Why Followership?

The first page of Air Force Doctrine Document (AFDD) 1-1, Leadership and Force

Development, defines leadership; the following quote is an excerpt of that definition:

Leadership does not equal command, but all commanders should be leaders. Any Air Force member can be a leader and can positively influence those around him or her to accomplish the mission.

The vast majority of Air Force leaders are not commanders. These individuals, who have stepped forward to lead others in accomplishing the mission, simultaneously serve as both leaders and followers at every level of the Air Force.1

Regardless of rank, every member of the United States Military is a subordinate to

someone whether it is to the Secretary of Defense or a newly commissioned Lieutenant. In the

military community, every officer should be considered a leader and follower simultaneously in

every position they hold but as is evident in the Air Force’s definition, the focus is on leadership.

The Air Force professional military education concentrates on developing every officer as if he

or she will one day become the Chief of Staff. However, a leader cannot lead without followers.

The Air Force and the officer corps could greatly benefit by increasing the role of followership in

professional military education for officers to help them as they work toward becoming effective

leaders. The question is, how can officers best serve, using followership to make them better

leaders?

The quote above from AFDD 1-1 about leadership mentions that Airmen are leaders and

followers at the same time. The document goes on to claim, “Desirable behavioral patterns of

these leaders and followers are identified in this doctrine and should be emulated in ways that

improve the performance of individuals and units.”2 However, as you read further you never

quite find useful guidance or even a definition of followership. When discussing personal

leadership Air Force doctrine states that followership is an important skill to have and the tactical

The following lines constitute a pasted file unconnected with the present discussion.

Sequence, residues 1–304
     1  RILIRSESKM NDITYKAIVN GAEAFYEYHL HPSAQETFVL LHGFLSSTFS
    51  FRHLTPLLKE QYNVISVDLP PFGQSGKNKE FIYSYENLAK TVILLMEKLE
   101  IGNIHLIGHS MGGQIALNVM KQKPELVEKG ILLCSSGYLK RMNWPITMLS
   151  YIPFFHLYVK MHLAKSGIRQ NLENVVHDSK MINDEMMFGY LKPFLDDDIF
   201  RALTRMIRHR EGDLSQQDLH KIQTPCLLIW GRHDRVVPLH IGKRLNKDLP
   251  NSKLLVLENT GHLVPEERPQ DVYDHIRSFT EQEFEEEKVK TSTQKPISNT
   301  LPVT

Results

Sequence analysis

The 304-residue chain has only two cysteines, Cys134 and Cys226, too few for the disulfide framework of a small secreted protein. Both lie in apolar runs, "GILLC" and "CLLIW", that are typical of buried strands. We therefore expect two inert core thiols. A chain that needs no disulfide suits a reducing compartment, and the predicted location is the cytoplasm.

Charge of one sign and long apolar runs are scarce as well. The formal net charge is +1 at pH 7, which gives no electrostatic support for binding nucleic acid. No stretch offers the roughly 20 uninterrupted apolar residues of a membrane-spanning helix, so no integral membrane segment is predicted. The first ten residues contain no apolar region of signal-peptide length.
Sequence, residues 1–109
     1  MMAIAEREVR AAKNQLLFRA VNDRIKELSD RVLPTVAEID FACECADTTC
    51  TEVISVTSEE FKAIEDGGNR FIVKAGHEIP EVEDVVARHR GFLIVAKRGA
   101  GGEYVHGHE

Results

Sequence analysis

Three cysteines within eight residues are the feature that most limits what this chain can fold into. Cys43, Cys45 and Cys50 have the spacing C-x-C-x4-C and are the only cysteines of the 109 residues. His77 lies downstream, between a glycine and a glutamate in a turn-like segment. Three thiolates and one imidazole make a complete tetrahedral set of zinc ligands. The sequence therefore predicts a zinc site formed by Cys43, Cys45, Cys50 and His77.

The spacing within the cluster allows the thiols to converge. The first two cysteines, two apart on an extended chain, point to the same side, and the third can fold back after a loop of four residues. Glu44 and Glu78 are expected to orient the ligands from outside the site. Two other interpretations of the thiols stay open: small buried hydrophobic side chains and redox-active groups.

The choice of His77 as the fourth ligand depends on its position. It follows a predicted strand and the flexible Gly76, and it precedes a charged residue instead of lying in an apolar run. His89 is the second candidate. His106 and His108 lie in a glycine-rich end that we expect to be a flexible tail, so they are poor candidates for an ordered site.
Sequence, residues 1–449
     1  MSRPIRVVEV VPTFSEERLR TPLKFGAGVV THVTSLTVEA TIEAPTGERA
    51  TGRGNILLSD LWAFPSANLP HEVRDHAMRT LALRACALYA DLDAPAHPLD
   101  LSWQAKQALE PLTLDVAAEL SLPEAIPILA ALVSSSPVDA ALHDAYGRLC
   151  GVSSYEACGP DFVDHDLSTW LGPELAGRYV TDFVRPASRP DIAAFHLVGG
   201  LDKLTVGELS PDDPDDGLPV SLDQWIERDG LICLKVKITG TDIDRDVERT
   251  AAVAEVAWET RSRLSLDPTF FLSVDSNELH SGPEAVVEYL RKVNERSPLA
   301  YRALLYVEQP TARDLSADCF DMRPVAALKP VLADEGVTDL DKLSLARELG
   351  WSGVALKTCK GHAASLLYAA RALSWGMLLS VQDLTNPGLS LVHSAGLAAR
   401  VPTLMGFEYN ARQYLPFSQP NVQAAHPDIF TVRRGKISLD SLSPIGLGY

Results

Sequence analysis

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level of force development is where one should focus on developing it. At the operational and

strategic level, the topic of Airmen as followers is briefly mentioned. The operational level

states, “based on a thorough understanding of themselves as leaders and followers and how they

influence others, they apply an understanding of organizational and team dynamics.”3 At the

strategic level it is not much different, “based on a thorough understanding of themselves as

leaders and followers, and how to use organizational and team dynamics, they apply an in-depth

understanding of leadership at the institutional and interagency levels.”4 Airmen are left to their

own devices to find out more information on followership.

When one delves further into Air Force publications, the term followership shows up in

only 14 documents out of over 2,500 documents posted on the official source site for Air Force

administrative publications.5 Of those 14, only two offer anything beyond a brief mention of the

word followership. Air Force Pamphlet (AFPAM) 36-2241, Professional Development Guide, is

the source for promotion exams for the enlisted force; officers do not take comparable tests for

promotion. Whereas leadership rates a whole chapter and extensive discussion, followership is

included as a subset of leadership and is boiled down to 10 qualities. The guide explains, “There

are 10 points essential to good followership; however, the list is neither inflexible nor

exhaustive:”6